The Lancashire Evening Post, Wednesday, 18th August 2004
City too-slickers?
Preston’s Winckley Square is being transformed into an exclusive address for the people with money... but have sights bee set too high? By Rachel Dearden
A question mark hangs over the future of Winckley Square developments as estate agents say they are unable to sell the luxury apartments.

But developer claim the leafy city centre area is as popular as ever with investors as young professionals snap up the luxury homes.

The square has seen something of a renaissance with conversions of Georgian properties and purpose built apartments springing up around the square.

Estate agents claim many of the homes – now on the market at more than £200,000 – are being bought up by investors looking to turn a fast-profit.

But estate agents say the city’s young professionals do not have the buying power to invest in the stylish apartments and some investors have been forced to sell at a loss.

In the last development at number 22 Winckley Square, the flats retain some of the features of the original Georgian properties, including ornate plasterwork and fireplaces.

Winckley Square
Adrian Hilton, the sales executive responsible for the apartments during their development earlier this year, said: “Winckley Square is expensive. Because of the markets racing ahead investors aren’t getting the rental because for the same price you can get a four-bed-roomed house outside of Preston.”

Mr Hilton said investors snapped up apartments in Winckley Square, but when they were unable to rent the homes out they quickly sold them at a loss.

He said: “At the moment the prices don’t justify the area.”

But Paul Rowley, managing director of Rowland Homes, which is responsible for the City Space development in Winkley Square, says he has seen no evidence of a decline in the popularity of the city centre apartments.

He said: “We haven’t experienced any problems of that nature. There has been a certain element of investor purchases going on but the key has got to be competitive pricing. “There are some other developments on Winckley Square that have been mooted as being a bit too much on the heavy side price wise.

“The house buying public are very discerning and demanding over wheather something is the right price or not.”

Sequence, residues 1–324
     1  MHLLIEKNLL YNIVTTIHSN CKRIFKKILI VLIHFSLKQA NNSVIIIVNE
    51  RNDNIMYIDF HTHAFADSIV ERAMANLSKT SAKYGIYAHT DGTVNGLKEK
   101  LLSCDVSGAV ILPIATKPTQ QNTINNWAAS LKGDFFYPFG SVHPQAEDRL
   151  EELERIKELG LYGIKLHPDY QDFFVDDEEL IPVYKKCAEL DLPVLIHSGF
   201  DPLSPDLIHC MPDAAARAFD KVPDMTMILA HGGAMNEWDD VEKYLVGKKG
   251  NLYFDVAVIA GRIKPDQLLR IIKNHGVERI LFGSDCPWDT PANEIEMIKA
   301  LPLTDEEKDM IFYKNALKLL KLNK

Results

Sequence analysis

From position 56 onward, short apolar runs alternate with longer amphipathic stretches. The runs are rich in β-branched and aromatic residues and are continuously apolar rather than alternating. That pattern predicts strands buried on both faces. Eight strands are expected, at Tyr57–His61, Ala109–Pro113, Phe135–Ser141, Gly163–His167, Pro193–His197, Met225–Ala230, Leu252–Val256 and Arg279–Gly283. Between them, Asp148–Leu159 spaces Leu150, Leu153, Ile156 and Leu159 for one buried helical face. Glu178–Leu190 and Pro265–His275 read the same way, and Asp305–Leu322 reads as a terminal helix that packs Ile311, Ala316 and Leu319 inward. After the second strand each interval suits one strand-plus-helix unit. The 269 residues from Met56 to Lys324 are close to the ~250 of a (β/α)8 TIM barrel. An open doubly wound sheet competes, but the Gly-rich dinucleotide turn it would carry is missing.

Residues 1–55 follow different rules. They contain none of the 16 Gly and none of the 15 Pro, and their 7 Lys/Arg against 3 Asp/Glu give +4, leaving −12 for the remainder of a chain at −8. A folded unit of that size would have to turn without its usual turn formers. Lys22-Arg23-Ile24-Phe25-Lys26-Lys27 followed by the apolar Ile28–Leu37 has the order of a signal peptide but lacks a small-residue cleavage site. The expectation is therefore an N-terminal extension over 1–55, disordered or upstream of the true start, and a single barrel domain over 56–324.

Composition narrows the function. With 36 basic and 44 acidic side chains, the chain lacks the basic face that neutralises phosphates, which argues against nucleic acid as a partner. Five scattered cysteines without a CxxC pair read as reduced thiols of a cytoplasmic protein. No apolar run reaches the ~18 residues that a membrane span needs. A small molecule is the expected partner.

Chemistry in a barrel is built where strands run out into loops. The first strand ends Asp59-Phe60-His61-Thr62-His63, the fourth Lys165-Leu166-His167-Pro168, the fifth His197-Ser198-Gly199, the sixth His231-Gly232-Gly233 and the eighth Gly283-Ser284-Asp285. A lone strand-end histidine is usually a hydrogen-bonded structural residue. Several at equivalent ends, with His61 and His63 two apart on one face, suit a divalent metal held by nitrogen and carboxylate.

Steven Broomhead, chief executive of the North West Development Agency, which has offices in Winckley Street, says the area remains popular. He said: “I think the economic indicators are good. Certainly over the last few years, as a result of the mergers of lawyers and accountants, there were empty properties but they are coming back to life through apartments.

“As an agency we are keen to develop, getting the right balance and getting people back into the city centre.

“In terms of the area you have to remember we are in a housing boom at the moment.

“To my knowledge the occupancy levels are quite high.”

One Preston estate agent manager disagreed.

She said the market for city centre apartments has become saturated and the stylish developments are “too much too soon” for Preston’s investment market.

She added: “There’s never going to be a large market for flats in Preston and we’ve already got our docklands.

“People have bought Winckley Square apartments off-plan thinking they will be able to sell them once they are finished but they are all on the market at unrealistic prices.

In the square they have gone for a young trendy market but to have that money you have got to be well established in your career and they are not the sort of places you move up the property ladder to. By the time you can afford those prices people are looking for family homes.”

Developments in the Square

A former catering college is the latest restoration project on Winckley Square.

Property development company Blackthorne Homes Ltd is planning to convert the former Preston College building into 24 apartments with underground parking.

Blackthorne Homes has applied to Preston Council for permission to make alterations to the listed building, which also lies in a conservation area. The college is the latest in a wave of developments, which has seen a former convent school, an orphanage and several Georgian buildings converted into luxury apartments.

The development is at 10a/11 Winckley Street and 5 Winckley Square.

The plans include internal partitioning, new railings at the front and work to the courtyard at the rear.

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© The Lancashire Evening Post, August 2004